As far as can be determined, Holberg has never been performed in the commercial theater in Seattle, and the only non-Scandinavian presentation of this eighteenth-century Dano-Norwegian writer was of his Jeppe on the Hill and the one-act Sganarel as a twin bill at the University Playhouse (the old Seattle Playhouse). This program was produced by Warren Pepperdine in partial fulfillment of the requirements for the M.A. degree in drama in 1956. Presented with color and enthusiasm, it capitalized on the near-burlesque which Holberg had provided and brought out the subtler elements of comedy and characterization. The only Bjørnson play that has been given in Seattle was Love and Geography, offered by the Playhouse in 1935. This production in every way met the exacting standards of the Playhouse, thus making of this serious comedy a pure delight on the stage.

Although most of Bjørnson is too didactic to appeal to contemporary audiences, his very best dramas make for excellent theater, especially because of his flair for engaging dialogue. It is unfortunate that in other respects he is so out of fashion. Strindberg has been more popular in Seattle; his early reputation, however, was built entirely upon performances given either under the direction or supervision of the late Professor Glenn Hughes, for many years head of the school of drama at the University of Washington. His promotion of Strindberg extended over a period of three decades from 1921 to 1950. Interest in Strindberg after 1950 has been maintained by the school of drama at the University of Washington, and by an occasional production in local theaters. [177]


Space prevents a detailed statistical list of performances of Ibsen plays in Seattle, but a brief summary can be given. Both the University of Washington drama department and the Repertory (Playhouse) Theatre have offered more Ibsen dramas than the commercial theater. But because the latter played to capacity houses — attracting eight or more times the number of spectators than the University Playhouse and the theaters — the disparity is not so great in terms of total audiences, except for Peer Gynt. The commercial theater held the field earlier, but presented only three Ibsen works during the 1930’s and after, whereas the noncommercial theaters staged only two plays before 1930. They have been dominant, however, since that time. The Ibsen plays given in Seattle since the first performance of A Doll’s House in 1889 are as follows (with the commercial theaters listed first): A Doll’s House, 7,30; Hedda Gabler, 6,45; Ghosts, 3, 13; Peer Gynt, 1, 132 (92 at the Playhouse); Pillars of Society, 1, 1; Little Eyolf, 1, 0; The Wild Duck, 0, 26; The Vikings at Helgeland, 0, 7; The Lady from the Sea, 0, 24; The Master Builder, 1, 12; An Enemy of the People, 0,5.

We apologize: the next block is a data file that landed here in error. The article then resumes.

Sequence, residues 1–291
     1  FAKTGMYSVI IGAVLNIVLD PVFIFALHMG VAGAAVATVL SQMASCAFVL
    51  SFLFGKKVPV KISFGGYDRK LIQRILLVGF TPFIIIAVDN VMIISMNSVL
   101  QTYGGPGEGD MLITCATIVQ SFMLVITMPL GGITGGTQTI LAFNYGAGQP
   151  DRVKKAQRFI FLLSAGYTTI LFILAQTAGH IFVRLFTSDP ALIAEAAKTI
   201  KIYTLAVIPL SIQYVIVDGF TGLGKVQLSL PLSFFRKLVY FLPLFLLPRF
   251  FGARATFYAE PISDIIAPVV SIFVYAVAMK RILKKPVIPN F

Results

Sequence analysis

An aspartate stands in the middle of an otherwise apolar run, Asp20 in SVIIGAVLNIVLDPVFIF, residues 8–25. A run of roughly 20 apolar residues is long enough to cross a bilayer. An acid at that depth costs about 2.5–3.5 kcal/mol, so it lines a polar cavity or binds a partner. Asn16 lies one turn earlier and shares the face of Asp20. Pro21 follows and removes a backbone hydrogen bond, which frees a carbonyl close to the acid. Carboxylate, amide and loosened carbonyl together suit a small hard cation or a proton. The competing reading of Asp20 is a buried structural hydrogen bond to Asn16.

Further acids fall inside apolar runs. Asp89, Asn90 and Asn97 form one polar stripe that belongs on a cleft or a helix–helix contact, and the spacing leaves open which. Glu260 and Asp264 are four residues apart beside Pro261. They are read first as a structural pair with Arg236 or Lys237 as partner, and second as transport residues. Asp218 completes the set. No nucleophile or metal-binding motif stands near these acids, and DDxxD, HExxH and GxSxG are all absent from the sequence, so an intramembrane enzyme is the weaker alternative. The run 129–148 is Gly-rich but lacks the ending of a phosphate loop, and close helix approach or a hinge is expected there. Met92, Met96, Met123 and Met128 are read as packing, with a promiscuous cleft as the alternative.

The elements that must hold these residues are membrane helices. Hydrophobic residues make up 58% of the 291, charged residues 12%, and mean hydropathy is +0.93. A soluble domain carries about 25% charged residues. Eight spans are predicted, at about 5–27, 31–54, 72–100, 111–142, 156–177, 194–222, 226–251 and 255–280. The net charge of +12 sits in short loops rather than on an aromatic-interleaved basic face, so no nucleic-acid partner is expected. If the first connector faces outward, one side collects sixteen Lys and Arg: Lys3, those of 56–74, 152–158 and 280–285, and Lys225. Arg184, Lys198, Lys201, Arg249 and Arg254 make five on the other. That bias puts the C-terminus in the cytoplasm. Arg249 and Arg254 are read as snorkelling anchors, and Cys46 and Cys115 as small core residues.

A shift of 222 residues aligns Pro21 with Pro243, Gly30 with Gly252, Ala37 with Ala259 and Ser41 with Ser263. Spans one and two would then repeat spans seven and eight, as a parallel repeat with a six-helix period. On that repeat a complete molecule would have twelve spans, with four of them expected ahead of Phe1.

After the shift to the noncommercial theater, stock companies only infrequently brought Ibsen to Seattle. Their standards were, by and large, of high quality. One of the most notable performances was by the renowned actress and commentator on Ibsen, Eva Le Gallienne, who played Hedda Gabler in her own production of the play at the Metropolitan in January, 1940.

The foregoing analysis has sought to suggest that during the three decades preceding the production of Peer Gynt at the Playhouse, wide acquaintance with Ibsen had been established through the theater and the schools. In the final analysis, however, the dramatist’s real impact on Seattle audiences has come through the Playhouse and through the several student theaters at the University of Washington. As indicated [178] earlier, I have chosen to concentrate on the Playhouse production of Peer Gynt.


For well over two decades, the names of Florence and Burton James were synonymous with the best traditions of the theater in Seattle. Their full repertory ranged from the classics to contemporary drama. Some of the latter, notably Clifford Odet’s Waiting for Lefty, became subjects of more than mild controversy during the depression-ridden 1930’s, and the Playhouse emerged as a vital cultural force in the community. Although the majority of the actors were amateurs, Burton James was an imaginative performer with a wide range — in every sense a professional. Several of the supporting cast, especially Albert Ottenheimer, were versatile and competent by any standard. Florence Bean James was, moreover, a gifted director. Performances of Ibsen by the Jameses were always very good, and those of Peer Gynt were excellent.